The antioxidant activity of the polysaccharides of medicinal plants such as Arctium lappa, Althaea officinalis, Plantago lanceolata, Rudbeckia fulgida, Mahonia aquifolium, Prunus persica, Angelica sinensis, Codonopsis pilosula, Lycium barbarum, Polygonum multiflorum, Astragalus membranaceus, Aloe vera, Portulaca oleracea, Amorphophallus konjac, Dioscorea opposita, and Panax japonicus has also been evaluated [97,98]. Luo et al. showed that polysaccharide from Polygonum multiflorum isolated by water extraction and ethanol precipitation has powerful scavenging abilities, especially against ABTS, DPPH and OH, and suggest that this compound should be explored as a novel potential antioxidant [99]. A study by Pu et al., exploring carbon tetrachloride (CCl4)-induced liver damage in mice, found that Astragalus membranaceus polysaccharide significantly decreased MDA activity and enhanced SOD activity in these mice [100]. Research results by Wang et al. indicated that polysaccharide from Gynostemma pentaphyllum eliminated superoxide anions and DPPH and ABTS free radicals and also enhanced SOD, CAT, and GPx activity, while decreasing MDA activity [101]. An in vitro study by Ju et al. reported that Chinese yam polysaccharide isolated from the rhizomes of Dioscorea opposita exhibited notable scavenging activity against DPPH, OH and O2•− radical [102]. Another important purpose of the addition of polysaccharides is to enhance the oxidative stability of emulsions containing fatty acids, β-carotene, anthocyanins and other bioactive components [103].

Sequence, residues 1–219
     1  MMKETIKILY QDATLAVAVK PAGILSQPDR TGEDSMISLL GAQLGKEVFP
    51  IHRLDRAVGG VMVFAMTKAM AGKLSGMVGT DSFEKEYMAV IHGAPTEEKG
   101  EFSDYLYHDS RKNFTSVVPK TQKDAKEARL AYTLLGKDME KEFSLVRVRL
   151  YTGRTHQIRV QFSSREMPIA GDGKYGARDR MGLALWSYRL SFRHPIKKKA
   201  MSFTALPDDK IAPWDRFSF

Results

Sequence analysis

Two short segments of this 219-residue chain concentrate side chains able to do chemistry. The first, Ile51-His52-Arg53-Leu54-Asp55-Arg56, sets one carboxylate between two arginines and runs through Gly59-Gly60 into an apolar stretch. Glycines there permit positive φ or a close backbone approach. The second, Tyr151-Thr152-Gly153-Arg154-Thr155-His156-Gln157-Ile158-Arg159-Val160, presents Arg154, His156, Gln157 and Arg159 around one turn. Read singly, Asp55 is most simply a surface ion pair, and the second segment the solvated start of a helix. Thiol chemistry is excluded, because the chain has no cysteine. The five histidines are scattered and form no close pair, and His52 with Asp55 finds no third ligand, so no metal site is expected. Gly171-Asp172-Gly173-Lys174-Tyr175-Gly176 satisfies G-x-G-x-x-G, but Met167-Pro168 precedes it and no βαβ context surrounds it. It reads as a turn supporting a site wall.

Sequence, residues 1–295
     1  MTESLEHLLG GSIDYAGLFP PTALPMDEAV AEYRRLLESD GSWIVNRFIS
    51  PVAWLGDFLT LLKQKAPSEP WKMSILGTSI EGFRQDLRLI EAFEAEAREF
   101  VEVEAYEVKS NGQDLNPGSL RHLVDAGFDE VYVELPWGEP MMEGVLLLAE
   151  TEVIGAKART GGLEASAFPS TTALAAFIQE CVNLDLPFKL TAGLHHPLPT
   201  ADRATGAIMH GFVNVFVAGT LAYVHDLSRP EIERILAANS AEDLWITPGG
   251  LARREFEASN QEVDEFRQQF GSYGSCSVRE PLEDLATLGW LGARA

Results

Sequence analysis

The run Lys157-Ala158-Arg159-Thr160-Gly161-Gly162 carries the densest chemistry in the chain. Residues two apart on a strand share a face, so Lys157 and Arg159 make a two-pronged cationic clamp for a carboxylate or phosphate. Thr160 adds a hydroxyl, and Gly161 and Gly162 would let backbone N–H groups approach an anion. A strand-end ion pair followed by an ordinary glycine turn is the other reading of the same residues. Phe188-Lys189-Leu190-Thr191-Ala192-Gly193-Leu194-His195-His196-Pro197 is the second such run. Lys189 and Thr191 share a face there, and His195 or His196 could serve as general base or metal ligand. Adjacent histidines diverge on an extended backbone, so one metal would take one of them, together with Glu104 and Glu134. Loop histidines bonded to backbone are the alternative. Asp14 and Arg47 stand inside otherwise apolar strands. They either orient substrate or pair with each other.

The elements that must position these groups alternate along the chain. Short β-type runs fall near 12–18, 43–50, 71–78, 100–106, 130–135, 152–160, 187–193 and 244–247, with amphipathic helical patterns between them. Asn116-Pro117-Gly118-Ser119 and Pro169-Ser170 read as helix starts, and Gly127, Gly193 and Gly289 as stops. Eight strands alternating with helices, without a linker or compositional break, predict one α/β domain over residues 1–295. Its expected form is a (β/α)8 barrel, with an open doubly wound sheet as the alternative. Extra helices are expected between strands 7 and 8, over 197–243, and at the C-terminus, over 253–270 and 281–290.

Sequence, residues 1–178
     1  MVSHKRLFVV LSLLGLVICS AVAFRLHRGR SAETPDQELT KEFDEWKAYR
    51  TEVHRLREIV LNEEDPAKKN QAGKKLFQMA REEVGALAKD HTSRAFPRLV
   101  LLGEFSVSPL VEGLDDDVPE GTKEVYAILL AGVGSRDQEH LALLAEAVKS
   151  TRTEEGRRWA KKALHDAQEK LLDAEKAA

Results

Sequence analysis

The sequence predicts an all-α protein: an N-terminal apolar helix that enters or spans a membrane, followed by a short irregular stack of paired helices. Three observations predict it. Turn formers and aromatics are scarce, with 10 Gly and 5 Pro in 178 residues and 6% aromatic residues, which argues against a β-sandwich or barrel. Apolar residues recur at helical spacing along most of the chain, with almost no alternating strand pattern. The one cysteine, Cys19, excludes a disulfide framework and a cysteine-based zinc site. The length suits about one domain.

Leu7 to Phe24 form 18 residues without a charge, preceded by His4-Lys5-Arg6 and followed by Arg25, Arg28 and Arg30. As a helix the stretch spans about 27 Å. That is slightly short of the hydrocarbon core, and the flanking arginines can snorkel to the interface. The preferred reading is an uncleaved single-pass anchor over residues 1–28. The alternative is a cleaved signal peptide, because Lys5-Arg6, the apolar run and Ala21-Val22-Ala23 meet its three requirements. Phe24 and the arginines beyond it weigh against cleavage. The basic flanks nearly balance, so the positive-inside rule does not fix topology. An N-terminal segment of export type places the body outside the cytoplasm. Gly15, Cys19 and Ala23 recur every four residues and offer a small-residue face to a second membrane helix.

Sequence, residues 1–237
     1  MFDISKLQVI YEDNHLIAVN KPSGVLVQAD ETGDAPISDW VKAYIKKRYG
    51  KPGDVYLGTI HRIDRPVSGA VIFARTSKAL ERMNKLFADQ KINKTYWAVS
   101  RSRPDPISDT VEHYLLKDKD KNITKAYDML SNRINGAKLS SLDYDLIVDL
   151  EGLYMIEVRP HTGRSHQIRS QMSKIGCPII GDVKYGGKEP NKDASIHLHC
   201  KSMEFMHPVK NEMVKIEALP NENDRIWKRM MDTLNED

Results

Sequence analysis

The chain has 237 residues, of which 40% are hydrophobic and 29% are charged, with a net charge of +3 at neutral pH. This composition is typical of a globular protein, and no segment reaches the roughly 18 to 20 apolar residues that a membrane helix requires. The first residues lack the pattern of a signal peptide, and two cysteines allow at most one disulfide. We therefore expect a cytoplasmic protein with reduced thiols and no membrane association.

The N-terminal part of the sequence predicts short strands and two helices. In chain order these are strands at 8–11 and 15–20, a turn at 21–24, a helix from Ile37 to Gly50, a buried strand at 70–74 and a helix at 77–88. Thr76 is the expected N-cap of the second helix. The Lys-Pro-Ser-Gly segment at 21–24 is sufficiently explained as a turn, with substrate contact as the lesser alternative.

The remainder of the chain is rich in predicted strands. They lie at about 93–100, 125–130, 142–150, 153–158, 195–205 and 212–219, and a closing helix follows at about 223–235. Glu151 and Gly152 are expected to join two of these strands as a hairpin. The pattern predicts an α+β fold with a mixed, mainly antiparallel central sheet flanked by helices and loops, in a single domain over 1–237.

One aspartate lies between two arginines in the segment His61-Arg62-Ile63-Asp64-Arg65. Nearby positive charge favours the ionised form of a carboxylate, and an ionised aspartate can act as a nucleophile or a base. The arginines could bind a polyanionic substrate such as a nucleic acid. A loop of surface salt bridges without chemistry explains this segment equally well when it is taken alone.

Owing to their wide distribution and high bioactivity, specificity and safety, antioxidant bioactive macromolecules are promising potential health-promoting agents for the prevention of various diseases.

4.6. Components of Essential Oils